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Kayaking grows in popularity along Hudson River

Posted: Friday, March 18, 2005

ATHENS, N.Y. — When Larissa Suparmanto told friends she was going to paddle her kayak 148 miles down the Hudson River from Albany to New York City, there were skeptics.

"People think it's polluted, or dangerous," said Suparmanto, who grew up in suburban Albany. "But it's beautiful. It's quiet, relaxing. You see beautiful historic sites, and the wildlife is fantastic."

Kayaking on the Hudson used to be mainly a pursuit for whitewater enthusiasts in the Adirondacks, where the river surges through rocky gorges. But paddling on the lower half of the Hudson has grown increasingly popular in recent years as kayakers discover the pleasure of taking a close-up tour of the valley's natural and historic attractions.

More than a dozen businesses have sprung up to meet area demand for kayaking lessons, equipment, rentals and tours. Outfitters like Hudson Valley Outfitter, located in Cold Spring, begin running guided tours as early as April, weather permitting, and start renting out kayaks around Memorial Day.

An annual event, the Great Hudson River Paddle, a 148-mile, 10-day kayaking trip from Albany to New York City, is held every summer to promote the Hudson Water Trail. This year it is scheduled for July 8 to 17. Festivals will be held along the river in Albany, Kingston, Poughkeepsie and Yonkers in conjunction with the trip.

To promote the Hudson as a recreational, cultural, and economic resource, the state is also developing the Hudson River Greenway Water Trail, which stretches 156 miles from Saratoga County north of Albany to Battery Park at the tip of Manhattan.

In 2001, Gov. George Pataki appropriated $1 million to develop the trail, initially conceived of in 1992 by a private group of paddlers called the Hudson River Watertrail Association. The state funding will help establish at least one access point every 10 miles, a series of campsites, interpretive centers, parking and restroom facilities, and riverfront kiosks with information about local businesses and attractions.

The Hudson River Watertrail Association recently published the sixth edition of a 160-page guidebook with detailed maps of the river and information about its cities, towns, historic sites, parks, marshes, beaches, boat launches, and wildlife.

Water trails also are being developed in other parts of the country, including the proposed Chesapeake Tidewater Trail, the Potomac River Water Trail, and trails along the Susquehanna River in Pennsylvania, the Housatonic in Connecticut, the Des Moines River in Iowa, and the Snohomish River in Washington.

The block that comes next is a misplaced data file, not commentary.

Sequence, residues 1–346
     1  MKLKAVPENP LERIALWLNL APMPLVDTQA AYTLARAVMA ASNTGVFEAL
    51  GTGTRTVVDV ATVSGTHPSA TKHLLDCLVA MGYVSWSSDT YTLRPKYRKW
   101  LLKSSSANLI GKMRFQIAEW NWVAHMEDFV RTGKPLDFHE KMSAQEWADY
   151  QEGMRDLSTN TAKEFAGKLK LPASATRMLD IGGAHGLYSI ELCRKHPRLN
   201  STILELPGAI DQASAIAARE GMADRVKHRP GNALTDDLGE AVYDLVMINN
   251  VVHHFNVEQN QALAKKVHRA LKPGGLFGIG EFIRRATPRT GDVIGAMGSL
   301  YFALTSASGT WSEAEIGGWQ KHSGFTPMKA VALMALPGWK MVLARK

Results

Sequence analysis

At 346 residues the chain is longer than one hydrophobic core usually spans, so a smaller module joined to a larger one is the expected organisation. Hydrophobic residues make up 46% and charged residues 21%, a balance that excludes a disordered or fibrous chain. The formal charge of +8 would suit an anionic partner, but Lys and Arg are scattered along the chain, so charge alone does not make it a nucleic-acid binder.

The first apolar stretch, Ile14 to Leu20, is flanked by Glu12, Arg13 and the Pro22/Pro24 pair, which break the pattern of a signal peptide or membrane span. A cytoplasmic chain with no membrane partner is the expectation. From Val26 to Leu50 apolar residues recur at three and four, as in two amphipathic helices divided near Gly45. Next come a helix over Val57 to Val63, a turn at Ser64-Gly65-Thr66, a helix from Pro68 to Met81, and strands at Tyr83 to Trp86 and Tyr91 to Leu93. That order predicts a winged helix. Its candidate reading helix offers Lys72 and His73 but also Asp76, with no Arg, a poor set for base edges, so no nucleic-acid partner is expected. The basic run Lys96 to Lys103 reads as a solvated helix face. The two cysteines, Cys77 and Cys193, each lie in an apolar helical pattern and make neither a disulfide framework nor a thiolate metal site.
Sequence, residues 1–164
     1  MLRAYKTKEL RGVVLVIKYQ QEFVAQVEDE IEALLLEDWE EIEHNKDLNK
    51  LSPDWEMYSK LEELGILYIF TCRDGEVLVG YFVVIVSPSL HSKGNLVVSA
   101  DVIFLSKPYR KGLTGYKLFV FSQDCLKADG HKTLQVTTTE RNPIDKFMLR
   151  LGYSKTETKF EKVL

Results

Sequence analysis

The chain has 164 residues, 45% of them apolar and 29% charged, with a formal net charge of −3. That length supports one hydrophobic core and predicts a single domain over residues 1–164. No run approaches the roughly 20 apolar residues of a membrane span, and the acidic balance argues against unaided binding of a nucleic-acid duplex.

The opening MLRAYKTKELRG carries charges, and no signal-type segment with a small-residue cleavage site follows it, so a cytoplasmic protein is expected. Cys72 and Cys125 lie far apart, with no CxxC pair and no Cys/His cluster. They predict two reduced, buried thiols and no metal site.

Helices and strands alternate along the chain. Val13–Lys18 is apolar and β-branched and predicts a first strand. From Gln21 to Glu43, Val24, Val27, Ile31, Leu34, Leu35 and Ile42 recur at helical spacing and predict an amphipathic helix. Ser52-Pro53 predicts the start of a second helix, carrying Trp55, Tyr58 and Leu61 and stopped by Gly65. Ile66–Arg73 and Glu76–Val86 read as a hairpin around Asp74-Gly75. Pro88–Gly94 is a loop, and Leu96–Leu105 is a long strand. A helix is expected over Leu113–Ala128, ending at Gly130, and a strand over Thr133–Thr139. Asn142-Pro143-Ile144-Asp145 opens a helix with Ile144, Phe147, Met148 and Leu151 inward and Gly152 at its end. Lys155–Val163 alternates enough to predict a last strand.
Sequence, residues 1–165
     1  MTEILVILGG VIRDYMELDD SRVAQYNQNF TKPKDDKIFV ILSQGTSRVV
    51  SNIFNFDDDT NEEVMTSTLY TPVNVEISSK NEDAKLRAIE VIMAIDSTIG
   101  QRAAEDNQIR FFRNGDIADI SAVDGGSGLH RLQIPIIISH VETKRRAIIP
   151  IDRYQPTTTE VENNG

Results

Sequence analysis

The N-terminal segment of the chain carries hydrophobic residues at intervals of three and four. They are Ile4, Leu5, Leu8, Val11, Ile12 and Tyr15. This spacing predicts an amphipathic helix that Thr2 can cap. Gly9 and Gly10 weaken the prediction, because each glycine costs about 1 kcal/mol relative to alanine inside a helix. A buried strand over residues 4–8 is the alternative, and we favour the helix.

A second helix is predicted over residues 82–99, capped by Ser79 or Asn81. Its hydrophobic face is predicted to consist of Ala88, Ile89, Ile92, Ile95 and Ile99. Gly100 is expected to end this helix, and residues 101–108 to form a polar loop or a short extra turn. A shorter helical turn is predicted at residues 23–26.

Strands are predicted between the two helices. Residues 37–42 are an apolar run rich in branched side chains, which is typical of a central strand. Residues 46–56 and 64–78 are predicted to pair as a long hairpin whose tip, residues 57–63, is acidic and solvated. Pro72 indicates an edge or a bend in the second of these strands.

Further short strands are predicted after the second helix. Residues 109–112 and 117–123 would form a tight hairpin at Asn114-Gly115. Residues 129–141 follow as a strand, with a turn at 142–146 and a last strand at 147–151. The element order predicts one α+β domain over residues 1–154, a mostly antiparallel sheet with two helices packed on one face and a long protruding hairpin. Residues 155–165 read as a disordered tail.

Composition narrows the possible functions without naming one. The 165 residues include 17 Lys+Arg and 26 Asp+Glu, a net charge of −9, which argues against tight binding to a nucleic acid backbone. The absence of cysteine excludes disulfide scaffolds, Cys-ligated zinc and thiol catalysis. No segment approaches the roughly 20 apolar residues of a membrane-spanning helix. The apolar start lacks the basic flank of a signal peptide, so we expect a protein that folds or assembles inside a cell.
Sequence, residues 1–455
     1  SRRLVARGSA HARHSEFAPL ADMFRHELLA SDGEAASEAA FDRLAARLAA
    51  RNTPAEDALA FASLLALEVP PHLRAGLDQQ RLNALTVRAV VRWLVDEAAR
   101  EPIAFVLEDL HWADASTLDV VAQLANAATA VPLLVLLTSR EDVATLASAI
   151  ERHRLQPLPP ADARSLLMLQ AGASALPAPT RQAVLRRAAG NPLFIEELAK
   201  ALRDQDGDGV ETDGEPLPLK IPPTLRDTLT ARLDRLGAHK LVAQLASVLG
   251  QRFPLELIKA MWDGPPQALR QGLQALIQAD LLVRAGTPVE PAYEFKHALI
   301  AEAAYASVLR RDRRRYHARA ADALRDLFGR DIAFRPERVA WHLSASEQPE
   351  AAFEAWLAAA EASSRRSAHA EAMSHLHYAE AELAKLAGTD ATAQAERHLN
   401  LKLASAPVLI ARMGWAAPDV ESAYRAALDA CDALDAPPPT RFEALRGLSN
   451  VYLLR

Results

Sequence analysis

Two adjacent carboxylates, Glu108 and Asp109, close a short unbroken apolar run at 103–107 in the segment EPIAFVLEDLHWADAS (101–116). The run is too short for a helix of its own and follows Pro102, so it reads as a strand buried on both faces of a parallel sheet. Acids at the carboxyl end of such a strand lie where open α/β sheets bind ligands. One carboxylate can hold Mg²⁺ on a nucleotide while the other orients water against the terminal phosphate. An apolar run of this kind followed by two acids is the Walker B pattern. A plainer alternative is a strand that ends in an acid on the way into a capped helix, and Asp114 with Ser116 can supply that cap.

"It's all about creating tourism and connecting Main Streets to the waterfront," said Carmella Mantello, executive director of the Hudson River Valley Greenway Communities Council. "Communities are recognizing that the river is a precious jewel, and that there's an opportunity not only to increase recreational benefits but also to provide an economic boost."

Along the Hudson, as on other urban rivers, there are some ugly industrial sites, and one of the largest PCB cleanup projects in history is being planned along a 40-mile stretch of river bottom north of Albany. But the river's beauty outshines any blight, proponents say, and it's clean enough for swimming and drinking.

"In the four years that I've been paddling on the Hudson, I've seen the number of bald eagles skyrocket," Suparmanto said. "There are four nesting across the river from my put-in site near Albany."

"We came here for the challenge and fell in love with the communities along the way," said Connie Hyman, a nurse and kayaking instructor who came from Pacific Palisades, Calif., to join the annual Great Hudson River Paddle last summer .

"We were pleasantly surprised by how much kayaking people do here," Hyman said. "We met 86-year-old guys, 70-year-old women, all kinds of people paddling out to join us along the way."

The Hudson sometimes looks cloudy and can smell funky. But Scott Keller, a seasoned kayaker and river guide, said that doesn't mean the water is polluted.

"You've got a tidal river here," Keller said. When it's at low tide, "you're smelling the mud in the intertidal zone. ... Also, the Catskill Mountains are full of clay. When the rain washes down from the mountains, it puts a lot of silt in the river which makes it look cloudy. It's really quite clean. A lot of communities use it as drinking water."

With wind-whipped 3-foot waves and churning wakes from oceangoing tankers, the lower Hudson River can be dangerous in an open canoe. But such hazards just add thrills for kayakers.

"These are sea kayaks, they're built to handle those waves," Keller said. "When a big wake comes along, we'll go out and surf it just for fun."

The growing popularity of the water trail has led to business growth. "Six years ago, there were two kayak outfitters in the Hudson Valley," Mantello said. "Now there are 12 to 15."

"We're just blown away by how huge kayaking has become," said Teri Barr, who started Hudson Valley Outfitter four years ago. "Everyone wants to rent kayaks. I have about 80 in my fleet now."

Many of Barr's customers are New York City residents who take an hour-long train ride to the Cold Spring station, which is near the river. Barr's guides meet customers at the train for kayak tours of Constitution Marsh, a 270-acre tidal marsh managed as a bird sanctuary by Audubon New York.

"It's an amazing tour," Barr said. "We're booked up every weekend with a waiting list." The outfitter also offers tours of Bannerman's Castle, a turreted ruin that sits prominently on an island in the Hudson.

"People are discovering that not only is the Hudson a great place to come down to and look at from shore, but it's also a place where you can also get in the water and have a lot of fun," Keller said.



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